Fri 26 Oct 2018

Refusal to provide cake supporting gay marriage is not discrimination

The heavily publicised "gay cake case" reached the Supreme Court in May this year, and the judgement of the Court in Lee v Ashers Baking Company Ltd and Others has now been handed down.  The facts of the case are well known.  Mr Lee went to Ashers Bakery and requested a cake be made with an image of "Bert and Ernie" - of Sesame Street fame - and the statement "Support Gay Marriage".  The bakery, the name of which was derived from a reference in the bible to "bread from Asher….", was run by the McArthur family who are Christians and who held religious beliefs which led them to decline the order.

Mr Lee subsequently brought a claim for direct and indirect discrimination on the grounds of sexual orientation, and religious or political opinion.  At first instance the district judge in Northern Ireland (where the case was raised) found there was direct discrimination both on the grounds of sexual orientation and religious belief or political opinion.  Mr Lee was awarded £500 damages. 

The McArthurs appealed to the Northern Ireland Court of Appeal.  That appeal was unsuccessful. 

The question for the Supreme Court was whether it was unlawful discrimination for the bakery to refuse to supply with cake because of the sincere religious beliefs held by the McArthurs.  If the court found it was, then questions arose as to the rights of the McArthurs to freedom of religion and freedom of expression under articles 9 and 10 of the European Convention on Human Rights ("ECHR"). 

It was argued for the bakery that the evidence was that the bakery would have supplied Mr Lee with a cake that did not contain a message supporting gay marriage and that they would not have supplied a cake with such a message to a heterosexual customer.  The objection therefore was to the message not the messenger.  In relation to the associative discrimination claim which relied on the reason for the refusal being the fact that Mr Lee was likely to associate with the gay community, it was argued that there was no evidence of the bakery ever discriminating in that way - instead there was evidence of them both employing and serving gay people and treating them in a non-discriminatory way.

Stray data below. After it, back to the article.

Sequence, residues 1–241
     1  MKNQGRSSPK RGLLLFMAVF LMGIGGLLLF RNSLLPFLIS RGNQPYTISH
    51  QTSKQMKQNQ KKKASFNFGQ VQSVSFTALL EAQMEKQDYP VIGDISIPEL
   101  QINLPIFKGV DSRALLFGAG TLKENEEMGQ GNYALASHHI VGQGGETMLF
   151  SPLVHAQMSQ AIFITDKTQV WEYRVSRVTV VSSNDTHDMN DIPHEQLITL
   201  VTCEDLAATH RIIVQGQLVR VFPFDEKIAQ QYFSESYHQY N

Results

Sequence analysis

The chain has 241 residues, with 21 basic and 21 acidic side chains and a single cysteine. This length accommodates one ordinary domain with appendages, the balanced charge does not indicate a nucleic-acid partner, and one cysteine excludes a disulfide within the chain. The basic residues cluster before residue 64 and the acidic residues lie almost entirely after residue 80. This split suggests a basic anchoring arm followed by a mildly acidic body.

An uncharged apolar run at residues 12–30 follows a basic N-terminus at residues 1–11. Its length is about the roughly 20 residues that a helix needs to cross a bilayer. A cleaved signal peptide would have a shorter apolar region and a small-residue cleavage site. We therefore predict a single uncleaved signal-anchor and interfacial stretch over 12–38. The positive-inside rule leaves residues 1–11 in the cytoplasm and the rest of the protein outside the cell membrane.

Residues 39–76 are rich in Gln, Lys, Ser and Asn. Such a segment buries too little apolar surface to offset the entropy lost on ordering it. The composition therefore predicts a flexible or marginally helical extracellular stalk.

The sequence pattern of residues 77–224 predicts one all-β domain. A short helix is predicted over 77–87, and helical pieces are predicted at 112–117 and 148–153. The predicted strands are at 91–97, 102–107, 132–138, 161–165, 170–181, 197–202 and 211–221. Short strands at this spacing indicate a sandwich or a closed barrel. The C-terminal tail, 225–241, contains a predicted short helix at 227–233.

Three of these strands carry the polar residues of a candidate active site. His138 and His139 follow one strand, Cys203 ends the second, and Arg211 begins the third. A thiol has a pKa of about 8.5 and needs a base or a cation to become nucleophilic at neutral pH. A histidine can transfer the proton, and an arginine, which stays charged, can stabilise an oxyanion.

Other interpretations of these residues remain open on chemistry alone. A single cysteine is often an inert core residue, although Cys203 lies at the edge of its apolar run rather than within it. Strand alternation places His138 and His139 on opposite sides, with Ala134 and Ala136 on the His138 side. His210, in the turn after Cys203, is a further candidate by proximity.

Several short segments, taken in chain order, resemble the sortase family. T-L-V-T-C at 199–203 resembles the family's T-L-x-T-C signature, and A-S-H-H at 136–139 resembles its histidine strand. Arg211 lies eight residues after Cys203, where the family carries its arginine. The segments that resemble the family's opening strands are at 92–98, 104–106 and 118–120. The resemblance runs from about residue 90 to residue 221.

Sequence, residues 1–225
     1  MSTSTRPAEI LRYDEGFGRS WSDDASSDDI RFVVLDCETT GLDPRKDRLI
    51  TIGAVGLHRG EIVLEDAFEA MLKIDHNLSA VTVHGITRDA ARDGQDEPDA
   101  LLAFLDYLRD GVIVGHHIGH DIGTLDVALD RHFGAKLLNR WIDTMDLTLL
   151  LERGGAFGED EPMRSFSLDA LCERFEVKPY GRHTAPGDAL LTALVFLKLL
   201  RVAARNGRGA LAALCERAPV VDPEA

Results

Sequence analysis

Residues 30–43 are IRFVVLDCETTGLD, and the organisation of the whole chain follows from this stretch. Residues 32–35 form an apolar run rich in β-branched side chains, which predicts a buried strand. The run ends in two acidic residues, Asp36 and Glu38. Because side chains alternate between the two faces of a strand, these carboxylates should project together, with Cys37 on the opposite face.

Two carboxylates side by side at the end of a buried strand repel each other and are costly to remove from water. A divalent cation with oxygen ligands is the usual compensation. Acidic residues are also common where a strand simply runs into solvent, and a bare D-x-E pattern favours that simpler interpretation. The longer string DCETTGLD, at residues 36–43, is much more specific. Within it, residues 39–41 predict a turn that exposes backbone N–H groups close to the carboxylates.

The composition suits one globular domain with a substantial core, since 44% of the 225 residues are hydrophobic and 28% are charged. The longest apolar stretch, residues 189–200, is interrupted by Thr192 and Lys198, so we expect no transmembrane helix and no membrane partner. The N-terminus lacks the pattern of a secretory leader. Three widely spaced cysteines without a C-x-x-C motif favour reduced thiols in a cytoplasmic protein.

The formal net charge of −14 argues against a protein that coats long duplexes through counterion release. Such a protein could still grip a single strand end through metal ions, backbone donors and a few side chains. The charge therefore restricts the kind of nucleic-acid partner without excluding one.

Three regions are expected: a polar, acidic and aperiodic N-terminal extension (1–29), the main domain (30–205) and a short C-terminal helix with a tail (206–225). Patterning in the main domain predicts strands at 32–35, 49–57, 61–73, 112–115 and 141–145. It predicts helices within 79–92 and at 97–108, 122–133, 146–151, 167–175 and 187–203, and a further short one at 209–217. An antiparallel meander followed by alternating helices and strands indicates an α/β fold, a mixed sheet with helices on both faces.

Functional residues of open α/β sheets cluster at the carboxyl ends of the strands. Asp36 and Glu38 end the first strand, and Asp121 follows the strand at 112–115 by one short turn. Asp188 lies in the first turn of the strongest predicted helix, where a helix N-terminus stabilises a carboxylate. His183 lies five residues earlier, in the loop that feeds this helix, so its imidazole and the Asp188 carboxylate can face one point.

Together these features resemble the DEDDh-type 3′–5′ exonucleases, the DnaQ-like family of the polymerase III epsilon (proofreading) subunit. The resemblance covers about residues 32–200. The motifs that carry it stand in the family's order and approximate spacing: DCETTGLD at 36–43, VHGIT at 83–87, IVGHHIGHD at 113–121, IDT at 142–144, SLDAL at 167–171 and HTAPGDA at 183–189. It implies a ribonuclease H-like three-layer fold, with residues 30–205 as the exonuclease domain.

In light of these arguments the Supreme Court concluded that there was no discrimination on the grounds of sexual orientation, overturning the findings of the Irish courts.  The district court judges finding of discrimination on the ground of religious belief was also overturned on the basis that the less favourable treatment that is prohibited by legislation must be on the grounds of the religious beliefs of someone other than the person meeting out the treatment.  The religious beliefs here were those held by the McArthur family, the alleged discriminators, and accordingly no discrimination had occurred.

The question of discrimination relating to political opinion was not so straight forward.  While a similar argument could be made that it was not Mr Lee or anyone he associated with that the McArthur's objected to, rather it was the request to promote the support of gay marriage on the cake, the Court felt that the message on the cake was so closely associated to the obvious political beliefs of Mr Lee that it was arguable that discrimination had occurred.  This meant that the Court had to consider what effect the McArthur's ECHR rights had on the discrimination legislation - domestic legislation requiring to be read in a way which is compatible with their ECHR rights to freedom of religion and freedom of expression.

The Supreme Court held that the legislation should not be read in a way which compelled the bakery to express a message with which they disagreed, unless there was justification for doing so.  While the bakery could not refuse to provide a cake to Mr Lee because he was gay or because he supported gay marriage, the Court was of the view that that fact did not justify obliging them to supply a cake iced with a message with which they profoundly disagreed. 

In terms of the letter of the law, this judgement makes sense - for discrimination to occur there must be an objection to the messenger and not the message.  This does have to come with the usual warning that cases such as this will turn on their facts.  In similar cases it is possible that the message requested (whatever that might be) is so closely associated to the protected characteristic of the "messenger" requesting it that a refusal would have been found to have been discriminatory.

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